While reports have surfaced early this year that the Big 12 is contemplating splitting the conference into divisions once the new members come aboard, the Big 10 and the SEC are apparently considering going the other direction to look more like the current division-less Big 12.
While divisions have some clear advantages, particularly when it comes to scheduling issues; however, the case against divisions is easily made: Divisions often mean that the two best teams in the conference do not play in the championship game because the two best teams are in the same division. For evidence of this, just look at the Big 10, where the West has defeated the East in the conference championship.
ROUND-ROBIN HAS WORKED
When the Big 12 shrunk to ten members, it made lemonade by embracing a round-robin format and dispensing with the old North/South divisions. The North/South split had never worked out all that well. People often cite the years where the South dominated the Big 12, but the North also had its turn as the dominant division in the early years of the conference when Nebraska and K-State were Top 10 teams every season.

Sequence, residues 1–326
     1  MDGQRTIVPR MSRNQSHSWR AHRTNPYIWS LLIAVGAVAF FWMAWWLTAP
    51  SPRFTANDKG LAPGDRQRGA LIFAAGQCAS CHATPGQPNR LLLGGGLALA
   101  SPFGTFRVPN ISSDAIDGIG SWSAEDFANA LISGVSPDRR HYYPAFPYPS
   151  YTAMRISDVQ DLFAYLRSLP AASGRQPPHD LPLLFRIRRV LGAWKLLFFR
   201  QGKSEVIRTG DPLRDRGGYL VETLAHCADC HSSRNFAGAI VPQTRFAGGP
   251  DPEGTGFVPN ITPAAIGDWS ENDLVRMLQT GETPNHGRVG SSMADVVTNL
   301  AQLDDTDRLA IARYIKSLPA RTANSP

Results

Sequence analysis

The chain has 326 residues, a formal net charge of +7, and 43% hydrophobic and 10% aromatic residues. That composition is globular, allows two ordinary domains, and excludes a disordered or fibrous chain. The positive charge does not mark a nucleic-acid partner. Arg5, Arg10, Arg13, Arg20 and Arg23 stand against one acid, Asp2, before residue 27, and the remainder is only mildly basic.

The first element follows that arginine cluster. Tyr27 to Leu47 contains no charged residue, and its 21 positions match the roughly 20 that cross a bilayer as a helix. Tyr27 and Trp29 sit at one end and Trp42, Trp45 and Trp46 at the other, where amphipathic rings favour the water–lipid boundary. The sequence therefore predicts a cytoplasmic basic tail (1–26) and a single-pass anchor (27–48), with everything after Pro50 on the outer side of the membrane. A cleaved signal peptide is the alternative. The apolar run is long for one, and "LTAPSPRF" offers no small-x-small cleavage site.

Once the NCAA allowed conferences with only ten members to play a conference championship game, the round-robin format has worked extremely well for the Big 12 as the lack of divisions meant that the two best teams in the league made the title game every year.
NO DIVISION WITHOUT ROUND-ROBIN?
While a division-less round-robin conference makes perfect sense from a scheduling standpoint, the picture gets messier when the league balloons to 12, 14, or even 16 teams. While there is certainly great merit in ensuring that the two best teams in the league play in the conference championship, scheduling becomes a headache.
An advantage of divisions is they can be arranged for geographic convenience. No sensible divisional format would have BYU and UCF in the same division, which spares these two from having annual games against each other. Moreover, no reasonable divisional format would separate West Virginia and Cincinnati as each is the nearest conference rival to the other.
However, divisions aren’t needed to protect regional rivalries and cut down on the frequency of long trips. Two options outside of divisions are having protected rivalries and moving to a pod system.
PROTECTED RIVALRIES > PODS
Protected rivalries have some great advantages because the numbers do not need to be even. That is, one team can have just two protected rivalries while its neighbor can have four or more. This is important for ensuring that each team gets to face its two closest rivals.
In a pod system, three or four teams are grouped into a mini-division. This solves some geography and scheduling issues but creates others.